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The Hayabusa-2 science team has confirmed that in the spacecraft’s quick touchdown on the surface of the asteroid Ryugu today it successfully snagged an asteroid sample.
Mission team members announced at about 6:30 p.m. EST (2330 GMT) today that the order to fire the bullet had been issued, and that Hayabusa2 had moved away from Ryugu as planned. But it took a few more hours for them to confirm that the bullet had indeed fired, and that sample collection occurred.
…The collected samples are key to this objective: The Ryugu material will come down to Earth in a special return capsule in December 2020. Scientists in labs around the world can then scrutinize the stuff with far more advanced equipment than the Hayabusa2 team could pack onto a single spacecraft.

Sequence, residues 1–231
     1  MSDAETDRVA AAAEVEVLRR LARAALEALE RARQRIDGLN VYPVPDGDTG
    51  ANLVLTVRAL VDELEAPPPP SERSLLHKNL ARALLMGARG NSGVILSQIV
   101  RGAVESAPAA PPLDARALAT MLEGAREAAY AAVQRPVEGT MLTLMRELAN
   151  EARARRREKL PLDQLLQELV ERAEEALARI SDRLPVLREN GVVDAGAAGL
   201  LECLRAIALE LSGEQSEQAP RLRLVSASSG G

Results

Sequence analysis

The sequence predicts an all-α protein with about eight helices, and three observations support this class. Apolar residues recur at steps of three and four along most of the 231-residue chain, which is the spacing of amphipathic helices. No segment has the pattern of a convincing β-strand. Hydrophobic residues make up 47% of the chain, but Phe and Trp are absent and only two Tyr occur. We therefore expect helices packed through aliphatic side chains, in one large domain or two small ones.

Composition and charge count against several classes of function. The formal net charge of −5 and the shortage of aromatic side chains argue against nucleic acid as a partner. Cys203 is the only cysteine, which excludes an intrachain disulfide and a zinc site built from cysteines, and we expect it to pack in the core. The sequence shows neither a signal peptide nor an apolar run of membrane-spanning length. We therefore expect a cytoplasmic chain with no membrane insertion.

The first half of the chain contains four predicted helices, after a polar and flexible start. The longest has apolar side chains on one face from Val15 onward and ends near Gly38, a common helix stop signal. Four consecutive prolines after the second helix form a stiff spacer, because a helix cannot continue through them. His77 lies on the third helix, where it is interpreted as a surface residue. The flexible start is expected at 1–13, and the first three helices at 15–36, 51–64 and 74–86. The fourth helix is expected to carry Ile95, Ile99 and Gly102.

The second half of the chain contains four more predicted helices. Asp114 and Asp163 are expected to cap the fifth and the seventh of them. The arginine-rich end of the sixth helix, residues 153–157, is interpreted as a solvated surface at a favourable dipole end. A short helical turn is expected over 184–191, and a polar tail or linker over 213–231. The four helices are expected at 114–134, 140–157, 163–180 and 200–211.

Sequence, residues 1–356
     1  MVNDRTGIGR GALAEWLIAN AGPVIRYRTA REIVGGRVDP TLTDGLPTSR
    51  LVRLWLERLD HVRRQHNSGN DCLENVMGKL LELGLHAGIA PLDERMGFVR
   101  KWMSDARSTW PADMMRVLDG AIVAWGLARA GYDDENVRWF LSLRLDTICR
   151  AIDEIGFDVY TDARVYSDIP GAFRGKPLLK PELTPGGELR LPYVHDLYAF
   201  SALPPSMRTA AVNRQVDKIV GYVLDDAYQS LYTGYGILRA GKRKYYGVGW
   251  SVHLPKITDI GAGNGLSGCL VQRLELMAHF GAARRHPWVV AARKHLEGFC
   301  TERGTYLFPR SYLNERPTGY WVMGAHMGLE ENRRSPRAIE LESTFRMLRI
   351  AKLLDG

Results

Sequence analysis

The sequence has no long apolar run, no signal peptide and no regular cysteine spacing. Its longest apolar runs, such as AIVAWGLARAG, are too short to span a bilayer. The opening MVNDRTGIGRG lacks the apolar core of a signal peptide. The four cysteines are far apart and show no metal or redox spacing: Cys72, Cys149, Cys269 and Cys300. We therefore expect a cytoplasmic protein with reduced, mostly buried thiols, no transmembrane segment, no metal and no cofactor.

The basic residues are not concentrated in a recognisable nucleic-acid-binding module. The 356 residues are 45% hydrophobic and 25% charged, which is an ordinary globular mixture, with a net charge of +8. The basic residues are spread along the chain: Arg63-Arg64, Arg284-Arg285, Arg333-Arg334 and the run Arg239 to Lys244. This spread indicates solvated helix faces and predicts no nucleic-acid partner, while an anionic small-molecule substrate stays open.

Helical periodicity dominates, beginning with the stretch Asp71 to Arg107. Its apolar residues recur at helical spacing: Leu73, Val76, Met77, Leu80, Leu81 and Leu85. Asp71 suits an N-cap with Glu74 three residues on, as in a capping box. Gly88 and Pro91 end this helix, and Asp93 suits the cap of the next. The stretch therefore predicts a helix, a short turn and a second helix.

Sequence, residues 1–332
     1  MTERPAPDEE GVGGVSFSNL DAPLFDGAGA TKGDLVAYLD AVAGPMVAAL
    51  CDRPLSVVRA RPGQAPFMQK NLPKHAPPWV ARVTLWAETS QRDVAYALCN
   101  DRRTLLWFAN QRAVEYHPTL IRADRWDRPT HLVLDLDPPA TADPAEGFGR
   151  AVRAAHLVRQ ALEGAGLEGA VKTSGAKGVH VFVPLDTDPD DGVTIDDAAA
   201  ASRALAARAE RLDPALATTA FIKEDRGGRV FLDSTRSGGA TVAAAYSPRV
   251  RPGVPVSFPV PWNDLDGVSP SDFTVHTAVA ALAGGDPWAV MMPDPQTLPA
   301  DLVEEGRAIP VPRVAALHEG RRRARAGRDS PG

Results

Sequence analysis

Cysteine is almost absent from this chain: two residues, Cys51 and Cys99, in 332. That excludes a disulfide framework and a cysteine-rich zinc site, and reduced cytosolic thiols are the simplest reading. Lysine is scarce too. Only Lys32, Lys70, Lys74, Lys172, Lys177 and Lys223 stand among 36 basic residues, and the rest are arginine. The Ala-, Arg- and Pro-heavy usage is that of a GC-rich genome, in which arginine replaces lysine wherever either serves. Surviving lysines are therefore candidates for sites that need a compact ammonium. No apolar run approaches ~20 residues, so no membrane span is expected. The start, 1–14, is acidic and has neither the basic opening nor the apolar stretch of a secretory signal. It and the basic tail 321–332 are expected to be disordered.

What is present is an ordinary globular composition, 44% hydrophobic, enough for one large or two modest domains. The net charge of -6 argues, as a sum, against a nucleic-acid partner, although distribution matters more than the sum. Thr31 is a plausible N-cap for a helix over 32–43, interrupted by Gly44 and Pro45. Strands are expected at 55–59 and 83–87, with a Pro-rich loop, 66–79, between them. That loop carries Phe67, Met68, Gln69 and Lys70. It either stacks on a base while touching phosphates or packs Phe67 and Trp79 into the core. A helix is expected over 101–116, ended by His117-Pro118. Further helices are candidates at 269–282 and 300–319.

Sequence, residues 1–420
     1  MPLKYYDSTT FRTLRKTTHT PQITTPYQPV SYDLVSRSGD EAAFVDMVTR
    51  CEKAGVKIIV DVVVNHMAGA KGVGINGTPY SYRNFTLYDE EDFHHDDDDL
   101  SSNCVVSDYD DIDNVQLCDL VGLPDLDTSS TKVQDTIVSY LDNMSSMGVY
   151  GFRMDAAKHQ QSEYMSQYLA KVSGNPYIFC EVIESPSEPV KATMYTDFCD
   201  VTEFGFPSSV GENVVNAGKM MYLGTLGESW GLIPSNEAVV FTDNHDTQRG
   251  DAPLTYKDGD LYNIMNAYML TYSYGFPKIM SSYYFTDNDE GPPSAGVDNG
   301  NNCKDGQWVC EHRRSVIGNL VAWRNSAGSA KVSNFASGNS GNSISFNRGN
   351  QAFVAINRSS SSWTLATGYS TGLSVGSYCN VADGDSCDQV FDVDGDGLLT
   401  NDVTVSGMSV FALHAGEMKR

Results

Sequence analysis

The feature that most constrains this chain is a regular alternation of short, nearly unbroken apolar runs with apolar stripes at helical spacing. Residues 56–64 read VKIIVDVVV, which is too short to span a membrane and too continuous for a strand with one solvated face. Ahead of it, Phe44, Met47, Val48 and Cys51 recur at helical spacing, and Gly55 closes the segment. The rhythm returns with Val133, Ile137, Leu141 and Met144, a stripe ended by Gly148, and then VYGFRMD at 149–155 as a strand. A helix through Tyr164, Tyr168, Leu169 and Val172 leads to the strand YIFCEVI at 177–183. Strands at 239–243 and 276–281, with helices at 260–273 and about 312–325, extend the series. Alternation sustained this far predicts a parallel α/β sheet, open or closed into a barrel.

The sample bounty will include more than just the material Hayabusa2 collected today. The mothership is expected to grab two more samples in the coming weeks and months. The second sampling sortie will unfold much like today’s did, but the third will be dramatically different: Hayabusa2 will fire a copper projectile into Ryugu, wait a bit for the dust to clear, and then swoop in to grab material from the newly created crater. This formerly subsurface stuff will be pristine, unaffected by weathering from deep-space radiation.
More thrills to come, obviously.